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KKXX-FM
KKXX-FM logo.png
City of license Shafter, California
Broadcast area Bakersfield, California
Branding Hot Hits 93.1
Slogan "Bakersfield's Hot Hit Station"
Frequency 93.1 FM MHz
Format Top 40 (CHR)
ERP 4000 watts
HAAT 123 meters (404 feet)
Class A
Facility ID 35953
Transmitter coordinates 35°28′21″N 119°01′40″W / 35.4725°N 119.02778°W / 35.4725; -119.02778
Former callsigns KXHA (10/17/90-4/8/95)
KLYD (4/8/95-7/8/97)
KSAN (7/8/97-12/11/97)
KCOO (12/11/97-3/20/02)
KRFR (3/20/02-9/20/04)
Owner American General Media
Sister stations KEBT, KERI, KERN, KGEO, KGFM, KISV
Website www.hothits931.com

KKXX-FM (93.1 FM, "Hot Hits 93.1") is a radio station broadcasting a Top 40 (CHR) musical format. KKXX-FM is licensed to Shafter, California and serves the Bakersfield, California area. The station is owned by American General Media. From the early 1980s through the mid 1990s, under several owners, KKXX was one of the most popular radio stations in Bakersfield and Kern County for youth oriented music.

Contents

History

KKXX-FM went on the air in 1977, at 107.9 FM and was owned by Buck Owens Productions. Its transmitter is located on top of Mount Adelaide, northeast of Bakersfield. At the time Owens owned both KKXX and KUZZ located at 550 on the AM dial. Under Owens, KKXX was programmed as an Adult Contemporary/Top 40 station well into the 1980s. During that time it sat at the top of the ratings in Bakersfield. In 1988, Owens dumped the KKXX call letters and format and moved his country station KUZZ to 107.9. KUZZ was now on both AM and FM. He did this because is AM was losing listeners to the new American Country KAMM at 105.3. In May 1988 KAMM picked up the old KKXX calls and dumped country and brought back the KKXX Top 40 sound Kern County. Before KAMM there was KZAY at 105.3 in the early 1980s.

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Frequency changes

A few years earlier, in 1982, KQXR ("Q94 FM"), which was located at 94.1 FM, went on the air. It offered the same Hot/AC format that KKXX had under Buck Owens' ownership. In the summer of 1988, Mondosphere re-tooled the station, calling it "Power 105.3". It began to reflect its growing Latino listenership, by rotating more dance, R&B, and Latin freestyle songs into its playlist. While KKXX still played the Top 40 hits each week (and was the home of Weekly Top 40 with Rick Dees), the playlist tended to shy away from artists like Rod Stewart and Elton John, and included acts like Salt-N-Pepa, Stevie B. and Lisa Lisa & Cult Jam.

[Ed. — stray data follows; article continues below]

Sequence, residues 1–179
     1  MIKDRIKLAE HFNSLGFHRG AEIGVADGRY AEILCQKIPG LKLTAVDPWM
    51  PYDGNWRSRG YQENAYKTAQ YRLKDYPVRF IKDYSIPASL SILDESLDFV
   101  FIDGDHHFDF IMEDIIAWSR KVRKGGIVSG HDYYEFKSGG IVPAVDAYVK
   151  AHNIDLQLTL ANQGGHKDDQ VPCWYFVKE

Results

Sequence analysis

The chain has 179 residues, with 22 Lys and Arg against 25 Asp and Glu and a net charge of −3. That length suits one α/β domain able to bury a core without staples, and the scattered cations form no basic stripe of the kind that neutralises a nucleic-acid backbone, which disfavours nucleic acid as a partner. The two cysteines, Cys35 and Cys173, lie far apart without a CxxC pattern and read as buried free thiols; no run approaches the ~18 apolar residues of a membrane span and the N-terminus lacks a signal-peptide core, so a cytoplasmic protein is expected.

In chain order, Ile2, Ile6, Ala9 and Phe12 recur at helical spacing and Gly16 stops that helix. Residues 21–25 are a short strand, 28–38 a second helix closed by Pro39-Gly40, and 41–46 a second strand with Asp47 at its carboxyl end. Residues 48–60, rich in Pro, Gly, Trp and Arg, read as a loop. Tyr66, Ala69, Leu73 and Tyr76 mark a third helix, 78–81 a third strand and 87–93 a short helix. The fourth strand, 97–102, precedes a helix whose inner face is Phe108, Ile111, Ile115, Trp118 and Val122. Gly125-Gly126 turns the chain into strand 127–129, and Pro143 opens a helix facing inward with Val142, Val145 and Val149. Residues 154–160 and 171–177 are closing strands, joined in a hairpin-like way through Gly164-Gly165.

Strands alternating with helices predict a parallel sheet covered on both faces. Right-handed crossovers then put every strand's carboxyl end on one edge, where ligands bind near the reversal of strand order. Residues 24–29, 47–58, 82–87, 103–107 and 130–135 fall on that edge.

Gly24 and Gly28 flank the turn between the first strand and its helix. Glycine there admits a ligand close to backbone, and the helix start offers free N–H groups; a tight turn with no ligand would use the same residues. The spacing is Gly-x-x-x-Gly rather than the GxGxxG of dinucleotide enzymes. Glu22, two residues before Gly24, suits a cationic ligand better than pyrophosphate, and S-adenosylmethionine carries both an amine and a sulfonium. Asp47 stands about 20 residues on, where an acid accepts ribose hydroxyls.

Peak

The change worked. The station became more popular than ever, and stayed that way well into the 1990s. But by 1996, music had changed. Top 40 was all but dead as a radio format, and the scene was ripe for a shakeup on the radio dial. During KKXX's greatest period of success, now defunct rival KQXR, and its parent company American General Media, had been undergoing many changes. "Q94 FM" had been renamed KERN-FM, and had switched to a moderately successful Oldies format. Then in 1997, AGM launched "Kiss 94.1". Its Hip Hop & R&B format came in stark contrast to the mainstream pop music that KKXX had been playing at the time. 94.1, under the new call letters KISV, began moving up in the ratings quite rapidly. In response, Mondosphere Broadcasting once again changed the frequency of "Bakersfield's Hit Music Station". After 9 years at 105.3, KKXX moved to 96.5 FM as the new "X96.5". The smooth jazz format located at KSMJ 96.5 was moved to 98.5. The oldies at 98.5 were moved to 105.3. They dumped smooth jazz in 2000 and made 98.5 KDFO classic rock. 105.3 was replaced with KKDJ, or "Star 105.3", which began as an Oldies format and later morphed into Adult Contemporary. Fans of the old station thought it simply disappeared, which served to boost the ratings of "Kiss 94.1".

Decline

In 2000, Clear Channel Communications bought the station from Mondosphere, and relabeled it "96.5 KISS-FM". Almost immediately Clear Channel sent American General Media a cease & desist order, insisting that it stop using "Kiss" as a moniker for KISV. AGM fought back and ultimately lost, renaming its station the "New Hot 94.1, the Rhythm Of the Valley". With victory in hand, Clear Channel began re-tooling KKXX once more, to mirror the Top 40 format of KIIS-FM in Los Angeles. Despite the publicity from the "Kiss" dispute and a dial and format change, it wasn't enough to pique the public's interest in KKXX. In 2004, the calls were changed to KBKO-FM, and the format switched to country (96.5 FM has since changed formats again, and is now known as KVMX-FM, playing 1960's, 1970's and 1980's music). American General Media now holds the KKXX call letters, which sit at 93.1 FM, which for four years hosted the "Pirate Radio" format, which is similar to the "Jack-FM" format in other markets. On July 20, 2009, at midnight, the station abruptly dropped the Pirate Radio format and began stunting, playing nonstop construction sounds. On July 20, 2009, at 4pm, the station revealed it's new format as a Top 40 (CHR) format and the station now branded as Hot Hits 93.1 "Today's Hottest Hits."

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